Cloudflare/S3 Static Site Deployment

I’m a big fan of Ghost but I’m quickly becoming a fan of a static site generator called Hugo. For me, static site generators remove the overhead of maintaining the application powering the blog and allows me to focus on content.

I’ve actually been able to significantly decrease my hosting costs even further by leveraging Cloudflare’s CDN with an Amazon Web Services S3 bucket. This post will walk you through how I setup Cloudflare and AWS S3 to host this statically generated website.

AWS S3 Setup

The Amazon Web Services (AWS) setup is straightforward. I needed to:

  • Create an S3 bucket to host the static website;
  • Enable static website hosting on the S3 bucket;
  • Configure the S3 bucket policy to only allow connections from Cloudflare.
S3 Bucket creation

After logging into my AWS Console and navigating to the S3 console, I created a bucket.

For the bucket name, I used my website’s domain name (e.g. Since I like to live dangerously (like everyone else using AWS), I chose us-east-1 as my bucket’s region.


Next, I set a “domain” tag (as shown below). I use tags to track costs per project and website I host in AWS.


In S3, it is generally a bad idea to allow public access to your S3 bucket. However, my bucket will be hosting a public website so I need to allow public access. To do this, I unchecked all the block checkboxes and then checked the “I acknowledge that the current settings may result in this bucket and the objects within becoming public.” I use a bucket policy later to restrict access to the S3 bucket.


Enable Static Website Hosting

Once the bucket is created, I need to enable static website hosting under the bucket’s properties. This allows S3 to serve the bucket content. As shown below, I’ve enabled this feature and told S3 to use index.html as the index document and error.html as my error document. The endpoint generated by S3 is important as I need that later for Cloudflare.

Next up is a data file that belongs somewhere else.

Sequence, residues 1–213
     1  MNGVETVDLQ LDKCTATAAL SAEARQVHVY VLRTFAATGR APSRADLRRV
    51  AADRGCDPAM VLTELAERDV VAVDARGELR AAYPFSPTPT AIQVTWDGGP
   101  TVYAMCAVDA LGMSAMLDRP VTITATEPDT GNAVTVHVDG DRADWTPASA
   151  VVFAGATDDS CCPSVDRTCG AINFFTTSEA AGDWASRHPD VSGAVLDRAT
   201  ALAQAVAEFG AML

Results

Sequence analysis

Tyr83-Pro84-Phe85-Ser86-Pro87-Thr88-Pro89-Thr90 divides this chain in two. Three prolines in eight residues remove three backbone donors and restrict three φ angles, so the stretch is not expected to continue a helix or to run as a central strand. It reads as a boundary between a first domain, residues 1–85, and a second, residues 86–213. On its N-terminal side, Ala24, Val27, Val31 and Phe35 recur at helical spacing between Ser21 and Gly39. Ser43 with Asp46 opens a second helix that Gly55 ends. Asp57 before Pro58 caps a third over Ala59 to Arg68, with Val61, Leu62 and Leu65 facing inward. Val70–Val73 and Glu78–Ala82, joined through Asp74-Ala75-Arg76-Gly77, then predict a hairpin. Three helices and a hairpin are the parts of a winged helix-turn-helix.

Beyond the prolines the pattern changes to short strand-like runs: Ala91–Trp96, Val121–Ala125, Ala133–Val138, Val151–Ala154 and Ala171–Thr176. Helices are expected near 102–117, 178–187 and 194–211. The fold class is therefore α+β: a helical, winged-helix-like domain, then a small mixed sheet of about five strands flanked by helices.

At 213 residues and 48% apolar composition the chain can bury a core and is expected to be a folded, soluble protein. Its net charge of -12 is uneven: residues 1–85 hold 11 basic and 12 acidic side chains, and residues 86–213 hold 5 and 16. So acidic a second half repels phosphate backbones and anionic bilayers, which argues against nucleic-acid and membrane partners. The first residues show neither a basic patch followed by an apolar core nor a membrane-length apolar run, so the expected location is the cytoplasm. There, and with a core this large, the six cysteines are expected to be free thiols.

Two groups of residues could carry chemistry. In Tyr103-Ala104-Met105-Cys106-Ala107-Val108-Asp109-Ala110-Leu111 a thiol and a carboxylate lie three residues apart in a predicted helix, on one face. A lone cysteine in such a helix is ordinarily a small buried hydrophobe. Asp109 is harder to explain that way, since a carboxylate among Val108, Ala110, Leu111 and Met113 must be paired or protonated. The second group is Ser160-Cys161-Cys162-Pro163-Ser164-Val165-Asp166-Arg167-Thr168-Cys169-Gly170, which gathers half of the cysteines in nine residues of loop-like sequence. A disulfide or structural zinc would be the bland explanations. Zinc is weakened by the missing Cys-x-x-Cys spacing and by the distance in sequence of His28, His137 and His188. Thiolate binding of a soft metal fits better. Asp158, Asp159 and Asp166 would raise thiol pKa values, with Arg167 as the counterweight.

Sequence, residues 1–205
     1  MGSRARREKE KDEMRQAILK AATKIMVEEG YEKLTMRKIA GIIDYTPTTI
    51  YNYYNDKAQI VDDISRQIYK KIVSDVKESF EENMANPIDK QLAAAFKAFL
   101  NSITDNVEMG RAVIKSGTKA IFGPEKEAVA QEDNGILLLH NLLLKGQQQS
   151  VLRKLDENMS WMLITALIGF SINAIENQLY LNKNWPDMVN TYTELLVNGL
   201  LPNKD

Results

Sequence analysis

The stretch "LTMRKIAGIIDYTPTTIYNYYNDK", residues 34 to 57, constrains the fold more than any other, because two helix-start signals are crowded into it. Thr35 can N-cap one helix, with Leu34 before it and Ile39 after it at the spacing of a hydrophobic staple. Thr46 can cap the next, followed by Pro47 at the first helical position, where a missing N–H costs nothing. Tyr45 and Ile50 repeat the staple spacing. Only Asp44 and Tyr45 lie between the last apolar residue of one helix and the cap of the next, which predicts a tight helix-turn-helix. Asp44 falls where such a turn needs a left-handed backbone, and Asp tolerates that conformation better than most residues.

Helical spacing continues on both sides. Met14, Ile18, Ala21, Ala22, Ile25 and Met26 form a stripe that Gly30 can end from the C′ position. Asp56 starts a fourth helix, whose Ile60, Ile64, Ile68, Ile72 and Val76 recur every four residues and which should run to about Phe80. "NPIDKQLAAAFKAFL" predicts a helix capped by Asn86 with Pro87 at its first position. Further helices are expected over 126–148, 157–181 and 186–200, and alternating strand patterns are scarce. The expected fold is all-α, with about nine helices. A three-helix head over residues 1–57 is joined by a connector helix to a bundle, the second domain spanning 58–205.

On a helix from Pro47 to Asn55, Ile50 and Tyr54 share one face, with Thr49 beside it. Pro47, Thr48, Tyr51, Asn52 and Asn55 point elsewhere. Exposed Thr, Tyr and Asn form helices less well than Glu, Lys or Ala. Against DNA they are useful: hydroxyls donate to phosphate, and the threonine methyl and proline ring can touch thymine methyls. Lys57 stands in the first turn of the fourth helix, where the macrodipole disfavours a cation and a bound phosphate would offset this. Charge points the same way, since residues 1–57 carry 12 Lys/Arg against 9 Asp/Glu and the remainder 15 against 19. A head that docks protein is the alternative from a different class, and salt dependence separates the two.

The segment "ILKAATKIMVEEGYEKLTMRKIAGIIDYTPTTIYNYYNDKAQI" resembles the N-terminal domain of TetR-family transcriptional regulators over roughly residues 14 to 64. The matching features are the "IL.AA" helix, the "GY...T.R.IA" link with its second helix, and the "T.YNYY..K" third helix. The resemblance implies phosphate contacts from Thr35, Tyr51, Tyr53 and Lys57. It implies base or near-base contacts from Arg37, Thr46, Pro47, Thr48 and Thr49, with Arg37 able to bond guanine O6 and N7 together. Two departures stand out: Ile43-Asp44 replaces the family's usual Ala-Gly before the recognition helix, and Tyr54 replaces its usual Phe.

S3 Bucket Policy

My personal preference is that visitors do not directly access the S3 bucket–direct access kind of defeats the purpose of having Cloudflare’s CDN cache my website. However, Cloudflare still needs access to the S3 bucket so public access cannot be fully disabled.

To allow Cloudflare but prevent everyone else from direct access, I’ve created a Bucket Policy to allow access based on IP addresses. This policy is populated with the list of Cloudflare IPv4 and IPv6 ranges.

The final bucket policy looks like:

    "Version": "2012-10-17",
    "Statement": [
            "Sid": "PublicReadGetObject",
            "Effect": "Allow",
            "Principal": "*",
            "Action": "s3:GetObject",
            "Resource": "*",
            "Condition": {
                "IpAddress": {
                    "aws:SourceIp": [

I added the policy by navigating to my bucket’s Permissions then Bucket Policy option and pasted the policy into the editor.


Cloudflare Setup

In my Cloudflare account, I added a CNAME record to my domain with the following properties:

  • Name: @
  • Target:
  • TTL: Auto
  • Proxy Status: Proxied

One last step that bit me was the Cloudflare SSL/TLS encryption mode. I had to set it to Flexible. Full is another encryption mode that I have used but I’ve only been successful when AWS CloudFront is used in front of the S3 bucket. CloudFront usage incurs an additional cost so I decided not to use it.

Once the DNS records have propagated, Cloudflare’s CDN is serving my website hosted in S3.

Deploying the Site

Once my S3 bucket was setup and Cloudflare was proxying traffic to it, I uploaded my statically generated content to the S3 bucket. I have since automated building my blog with Hugo and uploading it to the S3 bucket using a GitHub Action but I’ll cover that in a later post.


Hopefully this gave you some ideas for hosting your next website using Cloudflare, AWS S3, and Hugo. It is rather painless and so far, has been rock solid. Assuming us-east-1 doesn’t go down (again).